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Relationship of fat mass ratio – a biomarker for lipodystrophy – with cardiometabolic traits

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posted on 2024-02-12, 16:59 authored by Saaket Agrawal, Jian’an Luan, Beryl B. Cummings, Ethan Weiss, Nick J. Wareham, Amit V. Khera

Familial partial lipodystrophy (FPLD) is a heterogenous group of syndromes associated with a high prevalence of cardiometabolic diseases. Prior work has proposed DEXA-derived fat mass ratio (FMR) – defined as trunk fat percentage (trunk fat %) divided by leg fat percentage (leg fat %) – as a biomarker of FPLD, but this metric has not previously been characterized in large cohort studies. We set out to (1) understand the cardiometabolic burden of individuals with high FMR in up to 40,796 participants in the UK Biobank and 9,408 participants in the Fenland study, (2) characterize the common variant genetic underpinnings of FMR, and (3) build and test a polygenic predictor for FMR. Participants with high FMR were at higher risk for type 2 diabetes (OR = 2.30, p = 3.5 x 10-41) and MASLD/MASH (OR = 2.55, p = 4.9 x 10-7) in UK Biobank, and had higher fasting insulin (difference = +19.8 pmol/L, p = 5.7 x 10-36) and fasting triglycerides (difference = +36.1 mg/dL, p = 2.5 x 10-28) in the Fenland Study. Across FMR and its component traits, 61 conditionally independent variant-trait pairs were discovered, including 13 newly-identified pairs. A polygenic score for FMR was associated with increased risk of cardiometabolic diseases. This work establishes the cardiometabolic significance of high FMR – a biomarker for FPLD – in two large cohort studies and may prove useful in increasing diagnosis rates of patients with metabolically unhealthy fat distribution to enable treatment or a preventive therapy.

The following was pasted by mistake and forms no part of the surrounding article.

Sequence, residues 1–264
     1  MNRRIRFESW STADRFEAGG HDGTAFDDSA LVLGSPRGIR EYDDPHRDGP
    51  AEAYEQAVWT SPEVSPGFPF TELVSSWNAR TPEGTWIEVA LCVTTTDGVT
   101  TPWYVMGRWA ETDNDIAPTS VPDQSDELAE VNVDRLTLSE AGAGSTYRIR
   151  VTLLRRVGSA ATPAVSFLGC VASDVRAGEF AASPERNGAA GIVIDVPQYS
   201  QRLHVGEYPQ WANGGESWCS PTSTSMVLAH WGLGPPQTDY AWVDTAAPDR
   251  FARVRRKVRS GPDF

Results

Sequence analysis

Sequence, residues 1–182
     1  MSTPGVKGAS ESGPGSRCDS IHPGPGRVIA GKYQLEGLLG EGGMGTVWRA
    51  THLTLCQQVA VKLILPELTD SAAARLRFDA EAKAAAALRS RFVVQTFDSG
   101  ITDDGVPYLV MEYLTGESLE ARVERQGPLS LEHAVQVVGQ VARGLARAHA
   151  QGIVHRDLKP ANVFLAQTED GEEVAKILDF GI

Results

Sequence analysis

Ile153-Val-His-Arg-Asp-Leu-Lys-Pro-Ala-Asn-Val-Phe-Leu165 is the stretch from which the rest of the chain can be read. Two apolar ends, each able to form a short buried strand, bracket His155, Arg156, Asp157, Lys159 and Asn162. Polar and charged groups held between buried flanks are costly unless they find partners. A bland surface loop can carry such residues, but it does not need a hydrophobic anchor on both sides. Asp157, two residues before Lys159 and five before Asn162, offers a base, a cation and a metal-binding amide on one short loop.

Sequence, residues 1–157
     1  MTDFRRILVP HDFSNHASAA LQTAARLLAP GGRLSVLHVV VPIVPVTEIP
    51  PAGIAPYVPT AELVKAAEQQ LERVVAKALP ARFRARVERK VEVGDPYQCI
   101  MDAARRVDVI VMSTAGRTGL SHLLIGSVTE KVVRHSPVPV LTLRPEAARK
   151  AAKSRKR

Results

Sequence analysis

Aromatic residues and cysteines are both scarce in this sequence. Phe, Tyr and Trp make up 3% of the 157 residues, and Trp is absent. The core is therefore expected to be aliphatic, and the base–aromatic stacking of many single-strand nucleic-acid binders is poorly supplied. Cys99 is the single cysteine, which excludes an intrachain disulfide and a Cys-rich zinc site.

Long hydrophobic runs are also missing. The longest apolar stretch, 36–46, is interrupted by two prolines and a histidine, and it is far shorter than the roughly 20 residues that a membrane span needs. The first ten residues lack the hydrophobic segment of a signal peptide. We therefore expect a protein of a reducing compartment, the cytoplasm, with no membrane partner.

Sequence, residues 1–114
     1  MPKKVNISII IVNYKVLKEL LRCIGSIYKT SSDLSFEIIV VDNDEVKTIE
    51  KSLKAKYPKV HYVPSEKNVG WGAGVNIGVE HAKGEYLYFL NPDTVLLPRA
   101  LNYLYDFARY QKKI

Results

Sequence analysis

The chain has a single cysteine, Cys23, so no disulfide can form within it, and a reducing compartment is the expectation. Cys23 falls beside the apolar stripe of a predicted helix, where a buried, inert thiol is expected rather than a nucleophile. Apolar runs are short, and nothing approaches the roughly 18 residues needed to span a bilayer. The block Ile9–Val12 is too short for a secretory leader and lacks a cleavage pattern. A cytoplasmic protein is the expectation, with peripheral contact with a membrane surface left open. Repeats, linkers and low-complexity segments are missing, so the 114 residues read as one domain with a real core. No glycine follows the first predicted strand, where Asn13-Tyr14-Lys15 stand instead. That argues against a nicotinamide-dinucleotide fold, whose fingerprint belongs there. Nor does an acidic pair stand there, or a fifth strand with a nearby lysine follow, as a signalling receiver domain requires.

Funding

This work was supported by the Sarnoff Cardiovascular Research Foundation Fellowship (to S.A.), grants 1K08HG010155 and 1U01HG011719 (to A.V.K.) from the National Human Genome Research Institute, a Hassenfeld Scholar Award from Massachusetts General Hospital (to A.V.K.), a Merkin Institute Fellowship from the Broad Institute of MIT and Harvard (to A.V.K.). S.A. and A.V.K. are listed as co-inventors on a patent application for the use of imaging data in assessing body fat distribution and associated cardiometabolic risk.

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